A Dictionary of All Religions and Religious Denominations/Bereans
BEREANS, a sect of Protestant Dissenters from the church of Scotland, who take their title from, and profess to follow the example of the ancient Bereans, (Acts xvii. 11.) in building their system of faith and practice upon the scriptures alone, without regard to any human authority whatever.
Mr. Barclay, a Scotch clergyman, was the founder of this denomination. They first assembled as a separate society of Christians in the city of Edinburgh, 1773.
The Bereans agree with the established churches of England and Scotland respecting the trinity, predestination and election, though they allege that these doctrines are not consistently taught in either, but they differ from them in various points. Particularly, they reject all natural religion; and assert, that our knowledge of God is from revelation alone.
They hold faith to be a simple credence in God's word. They consider personal assurance as of the essence of faith. They argue, that God has expressly declared, He that believeth shall be saved; and therefore it is not only absurd but impious, and in a manner calling God a liar, for a man to say, "I believe the Gospel, but have doubts nevertheless of my own salvation." They maintain that unbelief is the unpardonable sin.
They consider a great part of the Old Testament—history, and the whole book of Psalms, as typical or prophetic of Christ, and do not apply them to the experience of private Christians. See Hutchinsonians.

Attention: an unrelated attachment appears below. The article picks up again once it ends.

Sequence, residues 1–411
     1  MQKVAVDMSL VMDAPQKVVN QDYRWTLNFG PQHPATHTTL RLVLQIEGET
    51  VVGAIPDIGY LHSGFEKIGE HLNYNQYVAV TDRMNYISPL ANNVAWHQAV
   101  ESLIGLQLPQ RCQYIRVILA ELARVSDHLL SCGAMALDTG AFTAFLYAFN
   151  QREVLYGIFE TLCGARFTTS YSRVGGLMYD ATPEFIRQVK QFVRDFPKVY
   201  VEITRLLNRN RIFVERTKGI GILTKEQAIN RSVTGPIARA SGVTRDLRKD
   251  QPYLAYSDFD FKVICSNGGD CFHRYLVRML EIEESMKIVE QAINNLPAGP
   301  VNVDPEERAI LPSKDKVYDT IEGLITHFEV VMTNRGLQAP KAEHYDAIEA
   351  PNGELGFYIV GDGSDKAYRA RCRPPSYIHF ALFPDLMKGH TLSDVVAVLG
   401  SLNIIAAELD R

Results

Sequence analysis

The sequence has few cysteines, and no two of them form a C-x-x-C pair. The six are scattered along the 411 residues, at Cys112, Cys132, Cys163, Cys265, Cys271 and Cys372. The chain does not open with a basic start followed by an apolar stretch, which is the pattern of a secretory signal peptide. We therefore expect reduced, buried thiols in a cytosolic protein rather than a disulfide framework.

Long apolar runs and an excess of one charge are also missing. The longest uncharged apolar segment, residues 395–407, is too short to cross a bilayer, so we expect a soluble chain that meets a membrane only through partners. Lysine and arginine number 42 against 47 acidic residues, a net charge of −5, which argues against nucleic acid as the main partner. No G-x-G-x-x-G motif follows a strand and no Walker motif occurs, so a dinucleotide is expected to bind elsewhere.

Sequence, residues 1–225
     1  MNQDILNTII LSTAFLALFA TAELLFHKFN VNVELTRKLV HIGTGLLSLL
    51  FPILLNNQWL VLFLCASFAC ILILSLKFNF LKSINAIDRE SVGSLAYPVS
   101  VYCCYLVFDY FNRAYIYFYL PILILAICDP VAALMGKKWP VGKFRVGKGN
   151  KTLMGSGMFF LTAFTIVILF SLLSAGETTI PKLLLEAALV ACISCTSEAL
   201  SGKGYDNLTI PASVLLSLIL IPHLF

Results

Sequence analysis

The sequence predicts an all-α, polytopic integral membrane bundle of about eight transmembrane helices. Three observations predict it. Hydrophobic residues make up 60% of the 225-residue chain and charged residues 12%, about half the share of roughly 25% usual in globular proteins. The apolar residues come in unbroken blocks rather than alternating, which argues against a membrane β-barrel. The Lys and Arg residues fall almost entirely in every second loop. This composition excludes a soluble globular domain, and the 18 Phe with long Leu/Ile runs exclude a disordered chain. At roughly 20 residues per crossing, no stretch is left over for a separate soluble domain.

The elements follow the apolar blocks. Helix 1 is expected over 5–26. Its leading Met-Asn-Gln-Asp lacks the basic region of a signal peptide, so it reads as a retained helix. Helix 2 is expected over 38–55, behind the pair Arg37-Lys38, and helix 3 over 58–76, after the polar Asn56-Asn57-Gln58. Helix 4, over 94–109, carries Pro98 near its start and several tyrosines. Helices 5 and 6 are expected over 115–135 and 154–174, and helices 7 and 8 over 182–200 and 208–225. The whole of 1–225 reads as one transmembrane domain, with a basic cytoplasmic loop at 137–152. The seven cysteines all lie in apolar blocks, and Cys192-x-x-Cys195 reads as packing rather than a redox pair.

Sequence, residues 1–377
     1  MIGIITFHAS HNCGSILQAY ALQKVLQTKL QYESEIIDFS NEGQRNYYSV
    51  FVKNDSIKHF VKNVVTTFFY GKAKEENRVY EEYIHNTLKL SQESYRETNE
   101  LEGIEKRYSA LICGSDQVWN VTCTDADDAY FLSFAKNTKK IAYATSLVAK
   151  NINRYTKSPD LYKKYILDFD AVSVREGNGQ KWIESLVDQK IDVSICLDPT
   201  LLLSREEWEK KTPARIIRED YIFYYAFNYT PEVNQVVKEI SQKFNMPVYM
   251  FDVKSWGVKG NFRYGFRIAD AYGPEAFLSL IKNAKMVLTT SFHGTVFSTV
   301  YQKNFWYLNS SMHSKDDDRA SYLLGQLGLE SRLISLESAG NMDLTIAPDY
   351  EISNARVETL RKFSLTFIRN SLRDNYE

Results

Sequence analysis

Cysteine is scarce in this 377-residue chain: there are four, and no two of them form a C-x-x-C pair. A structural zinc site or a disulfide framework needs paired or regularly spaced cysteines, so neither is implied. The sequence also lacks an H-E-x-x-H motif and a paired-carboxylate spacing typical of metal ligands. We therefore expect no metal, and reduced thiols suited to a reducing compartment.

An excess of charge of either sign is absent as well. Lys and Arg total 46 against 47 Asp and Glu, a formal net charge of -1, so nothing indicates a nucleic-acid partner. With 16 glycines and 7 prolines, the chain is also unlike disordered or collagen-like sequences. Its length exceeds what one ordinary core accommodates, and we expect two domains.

In admitting to communion, this denomination do not require that account of personal experience which many other churches do. When they exclude unworthy members for immoral conduct, they do not think themselves authorized to deliver them over to Satan, as the apostles did; that power they consider as restricted to the apostles, and to the inspired testimony alone; and not to be extended to any church on earth, or any number of churches, or of Christians, whether decided by a majority of votes, or by unanimous voices.
The doctrines of the Bereans have found converts in England, Scotland, and America.
- Mr. Barclay says, "By whatever evidence I hold the resurrection of Jesus, by the same precise evidence I must hold it for a truth that I am justified—for God hath equally asserted both."—On this M'Lean remarks—"The resurrection is a truth independent of my believing, and the subject of direct testimony; but my justification is not declared to be a truth until I believe the former; nor is it directly asserted, but promised on that provision. If thou shalt believe, &c. Rom. x. 9." See M'Lean's Commission of the Apostles.
- See Barclay's Works. Nicols' Essays, &c.